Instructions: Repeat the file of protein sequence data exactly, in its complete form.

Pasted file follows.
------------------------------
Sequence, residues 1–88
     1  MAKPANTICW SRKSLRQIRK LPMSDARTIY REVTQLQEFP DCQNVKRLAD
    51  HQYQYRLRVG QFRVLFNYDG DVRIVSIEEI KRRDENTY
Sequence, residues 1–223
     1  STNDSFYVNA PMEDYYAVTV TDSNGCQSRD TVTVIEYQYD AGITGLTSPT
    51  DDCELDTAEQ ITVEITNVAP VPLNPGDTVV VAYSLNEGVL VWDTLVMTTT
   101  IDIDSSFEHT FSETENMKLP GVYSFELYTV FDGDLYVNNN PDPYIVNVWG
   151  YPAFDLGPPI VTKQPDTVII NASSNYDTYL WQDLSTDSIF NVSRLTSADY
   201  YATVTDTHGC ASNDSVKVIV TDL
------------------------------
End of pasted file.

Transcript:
Sequence, residues 1–88
     1  MAKPANTICW SRKSLRQIRK LPMSDARTIY REVTQLQEFP DCQNVKRLAD
    51  HQYQYRLRVG QFRVLFNYDG DVRIVSIEEI KRRDENTY
Sequence, residues 1–223
     1  STNDSFYVNA PMEDYYAVTV TDSNGCQSRD TVTVIEYQYD AGITGLTSPT
    51  DDCELDTAEQ ITVEITNVAP VPLNPGDTVV VAYSLNEGVL VWDTLVMTTT
   101  IDIDSSFEHT FSETENMKLP GVYSFELYTV FDGDLYVNNN PDPYIVNVWG
   151  YPAFDLGPPI VTKQPDTVII NASSNYDTYL WQDLSTDSIF NVSRLTSADY
   201  YATVTDTHGC ASNDSVKVIV TDL